There is a range of responses in how the person may comply with limiting or relinquishing the ability to drive. The responses may range from acknowledgment of the deficit and acceptance of not driving to struggling and denying. Voluntarily giving up driving or restricting driving to low traffic areas may demonstrate a means to maintain some degree of self-esteem. The person may have a sense of pride in actively giving up a dangerous or humiliating experience. In contrast, being forced to relinquish the car keys or driver's license may stimulate feelings of shame and doubt. For someone with a cognitive impairment, the response may be very difficult if the person is unable to appreciate the loss and cannot remember from day to day that he cannot drive. Family members may find themselves continually informing the person of the driving loss.
Not only is assessment of the patient's emotional response important, but also the family's response to the change. Role changes within the family are inevitable when elderly adults can no longer drive. This can be a very disruptive experience for all concerned. Shifting from well-established patterns to new patterns can stimulate great reluctance and misgivings.13 Control, sense of power, and boundaries within the family shift to accommodate the changes. For the family, the role shifts require a delicate balance of taking over and performing former functions for the elderly while not shutting them out or taking away all independence. When the elderly express fear that their transportation needs are a burden to others, they need to be given permission to communicate their fears directly.
The loss of spontaneity may be very difficult. The person must have the right change to ride a bus, or may have to adapt to a bus schedule or arrange trips according to someone else's ability to drive. Gone are the impulsive drives on a beautiful day or a drive to break boredom. In our busy society, family members may have ambivalent feelings about serving as chauffeurs. The nurse needs to ask how decreased mobility will affect the opportunity for social interaction and explore ways to maintain existing or initiate new social interactions.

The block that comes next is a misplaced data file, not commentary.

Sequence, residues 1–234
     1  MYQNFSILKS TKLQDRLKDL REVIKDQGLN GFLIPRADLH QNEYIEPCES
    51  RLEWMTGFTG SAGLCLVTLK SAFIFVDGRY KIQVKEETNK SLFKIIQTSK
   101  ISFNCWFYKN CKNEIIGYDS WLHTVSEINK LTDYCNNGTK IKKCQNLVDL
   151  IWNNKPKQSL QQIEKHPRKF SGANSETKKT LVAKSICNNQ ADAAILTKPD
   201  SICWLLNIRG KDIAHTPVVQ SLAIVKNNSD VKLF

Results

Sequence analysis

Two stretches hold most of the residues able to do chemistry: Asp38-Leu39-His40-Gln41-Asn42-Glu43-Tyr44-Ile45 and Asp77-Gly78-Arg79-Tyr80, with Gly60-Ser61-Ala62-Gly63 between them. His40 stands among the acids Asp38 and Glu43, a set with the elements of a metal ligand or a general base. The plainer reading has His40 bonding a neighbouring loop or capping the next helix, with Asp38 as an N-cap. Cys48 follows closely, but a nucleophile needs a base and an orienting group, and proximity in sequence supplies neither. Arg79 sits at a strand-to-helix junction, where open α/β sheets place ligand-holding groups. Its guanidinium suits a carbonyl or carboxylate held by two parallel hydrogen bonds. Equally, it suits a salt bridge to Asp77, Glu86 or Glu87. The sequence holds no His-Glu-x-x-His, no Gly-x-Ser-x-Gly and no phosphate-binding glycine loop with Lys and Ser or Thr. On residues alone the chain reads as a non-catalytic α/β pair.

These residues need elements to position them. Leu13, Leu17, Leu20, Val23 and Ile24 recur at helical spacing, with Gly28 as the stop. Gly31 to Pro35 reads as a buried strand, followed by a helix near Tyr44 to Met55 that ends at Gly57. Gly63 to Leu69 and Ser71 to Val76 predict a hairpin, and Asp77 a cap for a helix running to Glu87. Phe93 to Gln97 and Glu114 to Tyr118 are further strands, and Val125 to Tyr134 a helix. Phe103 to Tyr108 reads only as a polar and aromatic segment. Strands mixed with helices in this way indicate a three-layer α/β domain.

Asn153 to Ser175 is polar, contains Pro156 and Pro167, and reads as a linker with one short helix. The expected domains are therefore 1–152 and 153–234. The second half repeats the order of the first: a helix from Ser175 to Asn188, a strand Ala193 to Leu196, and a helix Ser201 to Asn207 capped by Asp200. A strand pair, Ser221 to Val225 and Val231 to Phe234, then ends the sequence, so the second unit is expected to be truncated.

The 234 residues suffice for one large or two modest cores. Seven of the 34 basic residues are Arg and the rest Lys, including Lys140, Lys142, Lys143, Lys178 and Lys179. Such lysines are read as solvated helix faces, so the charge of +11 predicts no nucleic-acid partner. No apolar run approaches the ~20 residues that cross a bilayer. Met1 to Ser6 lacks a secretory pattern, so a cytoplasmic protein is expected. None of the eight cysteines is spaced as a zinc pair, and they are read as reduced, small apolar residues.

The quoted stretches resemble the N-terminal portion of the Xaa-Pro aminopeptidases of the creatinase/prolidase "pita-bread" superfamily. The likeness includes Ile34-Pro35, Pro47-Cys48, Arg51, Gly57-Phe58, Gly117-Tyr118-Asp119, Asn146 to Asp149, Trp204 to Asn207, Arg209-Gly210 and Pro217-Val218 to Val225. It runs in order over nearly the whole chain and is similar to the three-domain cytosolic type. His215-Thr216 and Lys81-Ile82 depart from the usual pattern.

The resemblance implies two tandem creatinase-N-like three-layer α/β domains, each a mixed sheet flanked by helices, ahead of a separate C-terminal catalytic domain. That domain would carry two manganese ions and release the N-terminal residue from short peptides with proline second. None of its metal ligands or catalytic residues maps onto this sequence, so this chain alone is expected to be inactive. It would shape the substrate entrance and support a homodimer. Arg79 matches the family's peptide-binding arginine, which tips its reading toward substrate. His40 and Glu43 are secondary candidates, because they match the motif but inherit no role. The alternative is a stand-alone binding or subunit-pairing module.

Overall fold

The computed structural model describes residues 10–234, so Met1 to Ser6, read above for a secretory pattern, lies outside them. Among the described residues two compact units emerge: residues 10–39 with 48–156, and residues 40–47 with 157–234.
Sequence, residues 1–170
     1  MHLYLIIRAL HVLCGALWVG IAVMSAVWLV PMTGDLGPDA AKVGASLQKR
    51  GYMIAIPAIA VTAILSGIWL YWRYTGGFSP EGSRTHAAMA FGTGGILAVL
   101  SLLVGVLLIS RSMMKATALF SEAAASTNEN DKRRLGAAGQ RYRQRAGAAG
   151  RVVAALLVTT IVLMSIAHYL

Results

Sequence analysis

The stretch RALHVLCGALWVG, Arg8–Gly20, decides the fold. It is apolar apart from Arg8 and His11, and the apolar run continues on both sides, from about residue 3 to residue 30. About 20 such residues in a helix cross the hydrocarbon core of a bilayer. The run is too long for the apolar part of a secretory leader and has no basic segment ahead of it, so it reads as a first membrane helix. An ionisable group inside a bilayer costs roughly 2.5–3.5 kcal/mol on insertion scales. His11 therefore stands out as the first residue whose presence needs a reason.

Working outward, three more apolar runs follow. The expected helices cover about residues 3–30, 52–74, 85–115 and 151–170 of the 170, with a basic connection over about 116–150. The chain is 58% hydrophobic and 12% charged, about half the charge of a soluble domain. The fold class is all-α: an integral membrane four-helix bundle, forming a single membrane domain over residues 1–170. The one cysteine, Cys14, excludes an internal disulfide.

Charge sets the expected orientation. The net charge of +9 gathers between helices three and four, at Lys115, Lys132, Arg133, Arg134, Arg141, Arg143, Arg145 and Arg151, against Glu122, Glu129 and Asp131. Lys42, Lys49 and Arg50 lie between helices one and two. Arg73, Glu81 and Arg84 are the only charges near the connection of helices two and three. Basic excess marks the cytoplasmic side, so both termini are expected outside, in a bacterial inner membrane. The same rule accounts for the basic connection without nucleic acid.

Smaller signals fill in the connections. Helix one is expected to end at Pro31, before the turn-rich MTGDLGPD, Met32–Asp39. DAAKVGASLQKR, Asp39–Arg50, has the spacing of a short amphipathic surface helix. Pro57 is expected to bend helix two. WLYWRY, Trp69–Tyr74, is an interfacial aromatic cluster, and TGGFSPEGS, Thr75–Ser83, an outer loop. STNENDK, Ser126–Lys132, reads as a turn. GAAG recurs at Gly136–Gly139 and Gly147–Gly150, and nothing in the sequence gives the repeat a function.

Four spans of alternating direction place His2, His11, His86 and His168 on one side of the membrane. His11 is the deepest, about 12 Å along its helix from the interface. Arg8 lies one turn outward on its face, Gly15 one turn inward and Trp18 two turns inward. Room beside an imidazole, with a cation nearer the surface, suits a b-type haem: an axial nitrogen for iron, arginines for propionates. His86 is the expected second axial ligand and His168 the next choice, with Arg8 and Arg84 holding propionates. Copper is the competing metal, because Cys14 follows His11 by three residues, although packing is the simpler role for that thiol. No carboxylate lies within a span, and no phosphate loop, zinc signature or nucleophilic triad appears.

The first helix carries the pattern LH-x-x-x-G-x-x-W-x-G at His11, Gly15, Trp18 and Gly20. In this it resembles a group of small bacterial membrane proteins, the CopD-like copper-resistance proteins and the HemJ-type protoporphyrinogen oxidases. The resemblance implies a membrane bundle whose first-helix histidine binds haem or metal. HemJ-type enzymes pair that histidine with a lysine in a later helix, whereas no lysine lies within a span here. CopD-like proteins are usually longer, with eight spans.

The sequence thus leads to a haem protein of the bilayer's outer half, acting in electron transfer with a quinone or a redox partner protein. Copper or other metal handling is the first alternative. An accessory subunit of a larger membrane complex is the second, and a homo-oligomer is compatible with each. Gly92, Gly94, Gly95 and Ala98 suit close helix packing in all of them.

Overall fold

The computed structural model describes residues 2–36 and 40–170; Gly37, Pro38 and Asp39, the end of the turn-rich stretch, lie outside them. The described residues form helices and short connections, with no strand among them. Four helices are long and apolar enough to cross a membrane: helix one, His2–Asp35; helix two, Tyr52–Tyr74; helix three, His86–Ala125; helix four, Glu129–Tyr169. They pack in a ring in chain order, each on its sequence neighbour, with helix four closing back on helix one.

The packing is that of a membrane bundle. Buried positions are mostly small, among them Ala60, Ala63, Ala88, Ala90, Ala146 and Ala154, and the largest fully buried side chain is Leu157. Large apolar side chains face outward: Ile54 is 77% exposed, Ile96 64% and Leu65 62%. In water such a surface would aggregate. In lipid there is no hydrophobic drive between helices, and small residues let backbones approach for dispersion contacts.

Support and Problem Solving
Both the patient and his family may benefit from having an understanding of how the decision to take away driving privileges was made and of the expected responses to loss and grief. Nurses should encourage both the family and patient to talk about their feelings and anticipated problems. They should help patients identify what they will miss most about driving, such as being behind the steering wheel, freedom, or pleasure. Reminiscing in a supportive relationship about pleasant memories may be healing.
The individual needs some form of control over the immediate environment. For example, although a grandson had a comfortable income, his elderly grandfather insisted he accept a few dollars when he drove his grandfather to an appointment. This gesture allowed the grandfather to express appreciation and maintain a degree of independence and self-esteem.
The individual may be able to maintain some independence by discovering community resources that can be used in keeping medical appointments or doing necessary shopping. The individual could learn new skills, such as mastering mass transit, with the aid of a companion.
There are, of course, families where problem solving is difficult. When the family has not resolved long-standing conflicting relationships, the reversal in dependence may not be tolerated and the older person may need to consider special public assistance programs or other alternatives. Solutions can be difficult when resources within the family are strained.
Cognitively impaired patients may not remember that they are no longer able to drive or they may refuse to accept the decision, causing their families to fear for their safety as well as the safety of the general public. In such cases, creative and firm interventions are needed to help families keep the cognitively impaired patient from getting behind the wheel. Spouses of the impaired driver may have to insist that they drive. Families have altered ignition keys, drained gasoline tanks, removed distributor caps, or permanently lent the vehicle to someone else.
Neugarten said that the elderly are prepared to accept and adapt to life changes that are expected as appropriate for their age.14 Adapting may assist in maintaining self-esteem.
Nurses should recognize and support the patient's attempts to maintain selfesteem in accepting the loss. A statement such as, "I am no longer safe to drive," may reflect sadness as well as control, judgment, and self-esteem.
Patients who have come to accept the loss may note financial savings when not maintaining an automobile, or may come to appreciate the pleasure of watching the scenery instead of focusing on the responsibility of driving.
Loss of the ability to drive due to declining health can affect an individual's identity and autonomy and can also symbolize the deterioration of an individual's functioning. Grief is an expected response to die loss. Losing the ability to drive is complicated when an individual does not perceive the deterioration and does not appreciate the decision. Giving up die ability to drive can disrupt a family at a time when resources or coping abilities are already strained. How the individual family resolves the loss depends on a number of factors, such as ability to work through the grieving process, concurrent losses, cognitive abilities, and the availability of resources and abilities.